GENERAL Not too many years ago, it was common practice to use reciprocating compressors when high pressures were required. Dynamic type machines were used only where larger volumes and lower pressures were involved. Dynamic compressors were usually called blowers when air/gas was compressed to approximately 15-20 40 psig, and the term compressor was

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applied to any such machines where air or gas was compressed to a final pressure about 20 psig. In recent years, this differentiation has become insignificant. Industry now uses the term compressor for all type of machines compressing air or gas. Table 3.1 shows the compressor family tree. There are two basic types of compressors: dynamic type and positive displacement type. Dynamic compressors are classified as centrifugal, axial or mixed flow machines. Comparison of constant speed characteristics of different types of compressors is shown in Figure 3.1. Positive-displacement type compressors are machines in which volumes of air or gas are confined within a closed space. The pressure is increased as the volume of the closed space is decreased. Four general types of rotary positive displacement compressors are available. They are briefly discussed in Sections 3.1, 3.2, 3.3, and 3.4 of this guide. Figure 3.2 shows capacity ranges of various compressor types. The centrifugal compressor is essentially a variable-capacity, constant pressure machine; the axial compressor and the positive-displacement compressors are essentially constant-capacity, variablepressure machines. These basic characteristics, however, represent only part of the process of selecting the type of compressor best suited to a specific application. Equally important is the capacity range that can be built into a single machine. As a general rule, positive displacement machines are for small capacities, centrifugals are for medium capacities and axial are for large capacities per machine. As in all other general statements, however, it must be realized that there is considerable overlap of capacity range between these different types of compressors. 3.1 Rotary Screw Compressors (Figures 3.3, 3.4) They are further classified as: a. b. c. Oil-injected rotary screw compressors Liquid-injected rotary single screw compressors Oil-free rotary screw compressors.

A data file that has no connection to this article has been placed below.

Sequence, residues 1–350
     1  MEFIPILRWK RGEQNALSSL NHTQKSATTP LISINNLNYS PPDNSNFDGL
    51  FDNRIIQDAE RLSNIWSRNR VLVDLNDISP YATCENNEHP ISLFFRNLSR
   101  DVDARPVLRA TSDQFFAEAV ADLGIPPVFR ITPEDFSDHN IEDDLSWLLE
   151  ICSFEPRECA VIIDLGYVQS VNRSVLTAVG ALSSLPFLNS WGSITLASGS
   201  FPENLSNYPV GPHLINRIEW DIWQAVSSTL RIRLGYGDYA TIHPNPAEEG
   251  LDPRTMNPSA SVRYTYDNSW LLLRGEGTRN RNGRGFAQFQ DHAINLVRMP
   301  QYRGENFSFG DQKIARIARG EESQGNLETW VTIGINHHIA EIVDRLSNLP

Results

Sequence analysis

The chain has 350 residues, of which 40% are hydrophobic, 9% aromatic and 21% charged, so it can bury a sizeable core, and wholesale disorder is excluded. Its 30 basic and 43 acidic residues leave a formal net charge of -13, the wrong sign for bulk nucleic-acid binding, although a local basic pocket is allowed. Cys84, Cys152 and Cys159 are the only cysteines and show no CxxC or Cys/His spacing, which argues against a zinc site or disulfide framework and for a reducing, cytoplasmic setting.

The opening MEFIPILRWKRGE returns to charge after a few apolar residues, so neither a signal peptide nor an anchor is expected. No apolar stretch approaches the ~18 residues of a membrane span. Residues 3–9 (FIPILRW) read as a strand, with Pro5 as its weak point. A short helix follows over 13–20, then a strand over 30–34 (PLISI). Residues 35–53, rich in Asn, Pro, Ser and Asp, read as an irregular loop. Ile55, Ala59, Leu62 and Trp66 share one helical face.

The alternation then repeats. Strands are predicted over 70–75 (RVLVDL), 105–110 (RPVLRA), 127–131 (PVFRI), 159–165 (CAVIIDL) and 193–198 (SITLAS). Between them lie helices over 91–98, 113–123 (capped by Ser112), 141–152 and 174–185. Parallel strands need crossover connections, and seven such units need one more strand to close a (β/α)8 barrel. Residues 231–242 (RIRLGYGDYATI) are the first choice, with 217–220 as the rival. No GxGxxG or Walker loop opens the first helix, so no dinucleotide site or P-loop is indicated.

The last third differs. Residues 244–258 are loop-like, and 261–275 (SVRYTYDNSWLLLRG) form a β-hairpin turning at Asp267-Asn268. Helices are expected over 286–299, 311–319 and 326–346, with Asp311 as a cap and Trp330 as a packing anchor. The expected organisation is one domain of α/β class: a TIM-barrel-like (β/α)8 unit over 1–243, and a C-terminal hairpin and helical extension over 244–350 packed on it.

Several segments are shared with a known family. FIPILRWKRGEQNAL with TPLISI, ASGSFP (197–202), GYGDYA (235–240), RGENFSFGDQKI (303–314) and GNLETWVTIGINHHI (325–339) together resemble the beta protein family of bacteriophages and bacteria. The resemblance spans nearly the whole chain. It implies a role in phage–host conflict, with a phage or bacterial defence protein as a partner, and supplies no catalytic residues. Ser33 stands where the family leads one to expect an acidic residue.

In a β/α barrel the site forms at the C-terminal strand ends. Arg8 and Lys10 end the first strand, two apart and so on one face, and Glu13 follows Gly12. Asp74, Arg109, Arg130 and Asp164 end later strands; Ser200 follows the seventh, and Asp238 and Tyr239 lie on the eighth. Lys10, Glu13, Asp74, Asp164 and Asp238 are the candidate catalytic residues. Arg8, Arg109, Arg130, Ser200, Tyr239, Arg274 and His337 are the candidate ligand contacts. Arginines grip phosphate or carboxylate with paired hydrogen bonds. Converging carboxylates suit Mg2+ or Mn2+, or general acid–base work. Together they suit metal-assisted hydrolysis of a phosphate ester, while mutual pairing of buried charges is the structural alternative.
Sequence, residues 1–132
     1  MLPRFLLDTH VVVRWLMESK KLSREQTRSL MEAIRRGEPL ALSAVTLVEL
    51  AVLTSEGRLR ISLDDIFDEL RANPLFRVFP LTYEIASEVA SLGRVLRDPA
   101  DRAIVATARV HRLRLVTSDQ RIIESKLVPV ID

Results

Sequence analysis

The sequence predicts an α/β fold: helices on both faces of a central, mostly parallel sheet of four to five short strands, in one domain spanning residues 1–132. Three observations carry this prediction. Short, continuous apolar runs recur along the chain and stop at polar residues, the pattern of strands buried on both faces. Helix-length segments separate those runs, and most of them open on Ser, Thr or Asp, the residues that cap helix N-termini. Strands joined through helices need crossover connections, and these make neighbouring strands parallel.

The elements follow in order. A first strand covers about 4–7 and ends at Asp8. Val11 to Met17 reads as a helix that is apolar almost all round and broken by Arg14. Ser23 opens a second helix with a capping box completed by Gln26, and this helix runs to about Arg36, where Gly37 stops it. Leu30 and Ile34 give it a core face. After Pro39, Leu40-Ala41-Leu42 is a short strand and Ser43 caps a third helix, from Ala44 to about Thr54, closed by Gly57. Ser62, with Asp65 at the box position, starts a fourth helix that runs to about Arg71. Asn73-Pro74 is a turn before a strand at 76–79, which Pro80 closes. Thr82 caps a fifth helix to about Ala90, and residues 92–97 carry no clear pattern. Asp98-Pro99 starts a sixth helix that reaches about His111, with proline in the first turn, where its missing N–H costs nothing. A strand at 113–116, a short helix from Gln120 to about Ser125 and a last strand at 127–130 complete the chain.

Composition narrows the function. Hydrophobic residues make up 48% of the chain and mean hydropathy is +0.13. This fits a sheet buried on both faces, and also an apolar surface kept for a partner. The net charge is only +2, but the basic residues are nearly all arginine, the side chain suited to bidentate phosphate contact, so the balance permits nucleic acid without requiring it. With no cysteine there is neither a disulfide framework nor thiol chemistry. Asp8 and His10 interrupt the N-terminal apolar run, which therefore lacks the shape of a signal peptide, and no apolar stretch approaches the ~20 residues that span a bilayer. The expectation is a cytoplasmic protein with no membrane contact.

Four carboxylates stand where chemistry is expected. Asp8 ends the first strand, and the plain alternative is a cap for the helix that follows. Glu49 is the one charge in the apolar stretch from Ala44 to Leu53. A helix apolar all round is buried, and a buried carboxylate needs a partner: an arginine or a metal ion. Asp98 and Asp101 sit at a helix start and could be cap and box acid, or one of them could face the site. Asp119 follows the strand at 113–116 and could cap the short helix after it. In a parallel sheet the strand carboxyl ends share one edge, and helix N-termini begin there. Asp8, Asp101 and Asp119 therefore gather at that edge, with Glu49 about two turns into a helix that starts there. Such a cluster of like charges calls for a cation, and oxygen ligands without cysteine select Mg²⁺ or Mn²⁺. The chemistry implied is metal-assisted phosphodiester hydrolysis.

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Rotary screw compressor has relatively high efficiency at low specific speeds, providing small to moderate capacities at high heads. It provides the characteristics of reciprocating piston machinery without the problems of a pulsating discharge flow, maintenance, space and vibration. It, however, requires four sets of shaft bearings and seals. It also supplements low specific speeds centrifugal compressors with more favorable efficiency. These are constant-volume variable-pressure machines. 3.2 Rotary Lobe Compressors (Figure 3.5) These machines are used extensively for high vacuum and low compression. The slippage or internal recirculation varies directly as the square root of the change in absolute pressure and inversely as the square root of the absolute temperature and specific gravity. The rotor tip speed of heavy duty two-lobe compressors is limited to approximately 57 fps, light models range from 25 to 30 fps. 3.3 Rotary-Sliding Vane Compressors (Figure 3.6) The rotor runs eccentrically within the casing. Radial slots in the rotor carry sliding vanes which form a series of longitudinal cells. The cell volume diminishes as the rotor approaches the discharge chamber. A single stage sliding vane compressor can produce a 28 inch Hg vacuum or compresses to approximately pump 50 psig. A two stage unit can compress air to approximately 250 psig. This machine is normally furnished as totally engineered skid mounted packaged unit. Installation is simplified, and it minimizes maintenance and vibration problems and does not require an extensive foundation. Generally, the unit is not suited for handling saturated and super-saturated vapor, and is particularly inapt for cold jackets. Cold jackets increase the cylinder wall condensation. In some cases the best solution is a warm jacket and the use of a lubricant heavily loaded with a solvent resistant inhibitor such as rapeseed oil, lanolin or tallow. However, each application should be looked at on a case by case basis before selecting this type of machine. 3.4 Rotary Liquid Ring Compressors (Figure 3.7)